Threading Volume #9000

Ok, So, I just started screwing around with threading, now it's taking a bit of time to wrap my head around the concepts so i wrote a pretty simple test to see how much faster if faster at all printing out 20000 lines would be (and i figured it would be faster since i have a quad core processor?)

so first i wrote this, (this is how i would normally do the following):

System.DateTime startdate = DateTime.Now;
    for (int i = 0; i < 10000; ++i)
    {
        Console.WriteLine("Producing " + i);
        Console.WriteLine("\t\t\t\tConsuming " + i);
    }

    System.DateTime endtime = DateTime.Now;
    Console.WriteLine(a.startdate.Second + ":" + a.startdate.Millisecond + " to " + endtime.Second + ":" + endtime.Millisecond);

And then with threading:

public class Test
{
static ProducerConsumer queue;
public System.DateTime startdate = DateTime.Now;
static void Main()
{
    queue = new ProducerConsumer();
    new Thread(new ThreadStart(ConsumerJob)).Start();


    for (int i = 0; i < 10000; i++)
    {
        Console.WriteLine("Producing {0}", i);
        queue.Produce(i);

    }
    Test a = new Test();
}

static void ConsumerJob()
{
    Test a = new Test();
    for (int i = 0; i < 10000; i++)
    {
        object o = queue.Consume();
        Console.WriteLine("\t\t\t\tConsuming {0}", o);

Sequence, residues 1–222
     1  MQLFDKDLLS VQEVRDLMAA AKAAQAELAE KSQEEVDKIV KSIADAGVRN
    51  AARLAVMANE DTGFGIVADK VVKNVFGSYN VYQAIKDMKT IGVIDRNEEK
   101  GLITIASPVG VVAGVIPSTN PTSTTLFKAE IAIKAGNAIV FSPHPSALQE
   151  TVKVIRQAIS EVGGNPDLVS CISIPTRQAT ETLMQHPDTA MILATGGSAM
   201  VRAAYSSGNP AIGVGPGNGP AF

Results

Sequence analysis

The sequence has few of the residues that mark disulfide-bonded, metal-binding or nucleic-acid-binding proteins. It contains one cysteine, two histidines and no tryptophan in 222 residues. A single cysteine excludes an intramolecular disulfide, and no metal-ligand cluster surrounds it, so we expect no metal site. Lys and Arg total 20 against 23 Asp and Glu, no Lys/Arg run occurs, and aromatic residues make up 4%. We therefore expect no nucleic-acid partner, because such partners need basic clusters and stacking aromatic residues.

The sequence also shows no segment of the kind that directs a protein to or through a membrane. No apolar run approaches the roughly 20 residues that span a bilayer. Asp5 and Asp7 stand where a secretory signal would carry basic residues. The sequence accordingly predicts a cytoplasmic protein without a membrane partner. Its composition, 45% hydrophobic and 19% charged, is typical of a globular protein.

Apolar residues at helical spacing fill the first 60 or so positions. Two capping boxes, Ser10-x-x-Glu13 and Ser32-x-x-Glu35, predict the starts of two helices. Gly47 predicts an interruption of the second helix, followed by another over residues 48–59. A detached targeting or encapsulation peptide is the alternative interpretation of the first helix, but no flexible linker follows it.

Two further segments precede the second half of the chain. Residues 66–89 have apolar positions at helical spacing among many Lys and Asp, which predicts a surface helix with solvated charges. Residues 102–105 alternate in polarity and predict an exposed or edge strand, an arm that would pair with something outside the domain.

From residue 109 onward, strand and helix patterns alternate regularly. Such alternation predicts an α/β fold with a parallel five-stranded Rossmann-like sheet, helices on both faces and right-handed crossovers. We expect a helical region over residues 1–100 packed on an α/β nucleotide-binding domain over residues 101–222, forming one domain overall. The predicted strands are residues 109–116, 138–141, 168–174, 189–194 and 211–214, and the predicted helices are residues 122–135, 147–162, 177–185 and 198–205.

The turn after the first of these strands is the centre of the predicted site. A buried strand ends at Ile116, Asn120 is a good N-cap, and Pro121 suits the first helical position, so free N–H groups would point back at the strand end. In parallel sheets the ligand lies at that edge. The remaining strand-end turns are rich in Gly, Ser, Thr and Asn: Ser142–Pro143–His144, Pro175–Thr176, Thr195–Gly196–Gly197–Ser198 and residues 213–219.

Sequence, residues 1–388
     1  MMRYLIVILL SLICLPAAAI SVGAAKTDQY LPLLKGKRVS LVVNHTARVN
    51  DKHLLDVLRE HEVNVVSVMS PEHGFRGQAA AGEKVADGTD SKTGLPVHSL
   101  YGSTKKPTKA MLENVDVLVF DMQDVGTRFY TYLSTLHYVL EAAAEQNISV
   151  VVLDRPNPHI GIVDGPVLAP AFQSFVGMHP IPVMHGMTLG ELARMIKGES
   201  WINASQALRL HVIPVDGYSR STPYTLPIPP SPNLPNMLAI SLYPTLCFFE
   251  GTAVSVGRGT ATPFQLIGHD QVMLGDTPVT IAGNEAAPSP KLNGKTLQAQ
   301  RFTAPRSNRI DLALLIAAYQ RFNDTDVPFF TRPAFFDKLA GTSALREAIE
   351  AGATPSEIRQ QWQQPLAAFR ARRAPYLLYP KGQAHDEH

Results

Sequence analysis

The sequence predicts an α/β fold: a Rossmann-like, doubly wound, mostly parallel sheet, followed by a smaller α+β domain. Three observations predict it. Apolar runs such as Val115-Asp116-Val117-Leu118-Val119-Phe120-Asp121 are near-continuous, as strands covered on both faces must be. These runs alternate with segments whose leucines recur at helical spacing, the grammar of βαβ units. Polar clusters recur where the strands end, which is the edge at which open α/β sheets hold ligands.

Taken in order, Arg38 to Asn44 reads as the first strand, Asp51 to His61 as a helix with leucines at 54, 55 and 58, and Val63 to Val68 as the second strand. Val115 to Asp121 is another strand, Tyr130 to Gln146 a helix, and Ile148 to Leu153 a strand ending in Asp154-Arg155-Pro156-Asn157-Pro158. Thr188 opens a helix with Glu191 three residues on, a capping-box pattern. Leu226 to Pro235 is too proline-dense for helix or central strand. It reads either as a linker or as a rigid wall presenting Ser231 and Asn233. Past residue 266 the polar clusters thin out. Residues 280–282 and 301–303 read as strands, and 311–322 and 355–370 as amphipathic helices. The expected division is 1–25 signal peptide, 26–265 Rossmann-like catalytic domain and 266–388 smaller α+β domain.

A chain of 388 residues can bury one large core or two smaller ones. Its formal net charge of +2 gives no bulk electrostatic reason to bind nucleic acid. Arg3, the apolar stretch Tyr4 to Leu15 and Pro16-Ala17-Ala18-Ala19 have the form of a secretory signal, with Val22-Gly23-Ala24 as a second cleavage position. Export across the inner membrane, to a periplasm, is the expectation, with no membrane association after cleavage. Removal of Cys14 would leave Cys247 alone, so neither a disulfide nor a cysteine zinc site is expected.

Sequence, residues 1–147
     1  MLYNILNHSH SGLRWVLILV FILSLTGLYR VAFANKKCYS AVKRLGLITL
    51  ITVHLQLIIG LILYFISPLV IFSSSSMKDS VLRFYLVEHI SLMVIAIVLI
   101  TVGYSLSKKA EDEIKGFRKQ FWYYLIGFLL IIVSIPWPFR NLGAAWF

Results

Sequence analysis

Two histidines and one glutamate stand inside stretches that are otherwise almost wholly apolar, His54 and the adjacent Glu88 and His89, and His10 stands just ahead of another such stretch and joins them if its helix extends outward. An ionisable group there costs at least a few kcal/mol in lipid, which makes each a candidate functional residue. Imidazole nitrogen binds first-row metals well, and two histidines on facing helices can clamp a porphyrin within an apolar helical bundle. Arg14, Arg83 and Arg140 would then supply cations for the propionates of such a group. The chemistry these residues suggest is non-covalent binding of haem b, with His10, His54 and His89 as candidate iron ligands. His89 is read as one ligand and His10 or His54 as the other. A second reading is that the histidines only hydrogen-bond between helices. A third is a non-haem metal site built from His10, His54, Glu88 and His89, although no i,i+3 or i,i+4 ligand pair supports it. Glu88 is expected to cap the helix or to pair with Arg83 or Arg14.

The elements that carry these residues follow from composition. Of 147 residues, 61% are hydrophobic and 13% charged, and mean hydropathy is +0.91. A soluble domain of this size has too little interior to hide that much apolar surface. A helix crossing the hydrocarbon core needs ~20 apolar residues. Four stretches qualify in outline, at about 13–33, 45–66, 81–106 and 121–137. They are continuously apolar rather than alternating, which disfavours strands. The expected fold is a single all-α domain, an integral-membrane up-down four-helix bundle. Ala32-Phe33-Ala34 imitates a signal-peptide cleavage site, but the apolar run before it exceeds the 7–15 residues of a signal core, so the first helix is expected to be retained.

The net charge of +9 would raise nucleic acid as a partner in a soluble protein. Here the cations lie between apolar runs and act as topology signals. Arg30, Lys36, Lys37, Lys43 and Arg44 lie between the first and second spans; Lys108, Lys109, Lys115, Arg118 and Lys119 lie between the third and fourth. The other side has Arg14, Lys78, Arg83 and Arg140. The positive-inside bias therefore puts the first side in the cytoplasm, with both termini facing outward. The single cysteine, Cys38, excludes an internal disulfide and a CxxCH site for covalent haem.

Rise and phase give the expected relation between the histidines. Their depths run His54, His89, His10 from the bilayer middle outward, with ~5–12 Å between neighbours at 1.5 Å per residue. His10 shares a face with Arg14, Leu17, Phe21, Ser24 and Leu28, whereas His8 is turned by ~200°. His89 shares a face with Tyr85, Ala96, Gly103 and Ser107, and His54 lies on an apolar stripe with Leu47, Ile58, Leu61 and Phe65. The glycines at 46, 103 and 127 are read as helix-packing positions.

}
    System.DateTime endtime = DateTime.Now;

    Console.WriteLine(a.startdate.Second + ":" + a.startdate.Millisecond + " to " + endtime.Second + ":" + endtime.Millisecond);
}
}

public class ProducerConsumer
{
readonly object listLock = new object();
Queue queue = new Queue();

public void Produce(object o)
{
    lock (listLock)
    {
        queue.Enqueue(o);        
        Monitor.Pulse(listLock);
    }
}

public object Consume()
{
    lock (listLock)
    {
        while (queue.Count == 0)
        {
            Monitor.Wait(listLock);
        }
        return queue.Dequeue();
    }
}



}

Now, For some reason i assumed this would be faster, but after testing it 15 times, the median of the results is ... a few milliseconds different in favor of non threading

Then i figured hey ... maybe i should try it on a million Console.WriteLine's, but the results were similar

am i doing something wrong ?

Answers


Writing to the console is internally synchronized. It is not parallel. It also causes cross-process communication.

In short: It is the worst possible benchmark I can think of ;-)

Try benchmarking something real, something that you actually would want to speed up. It needs to be CPU bound and not internally synchronized.


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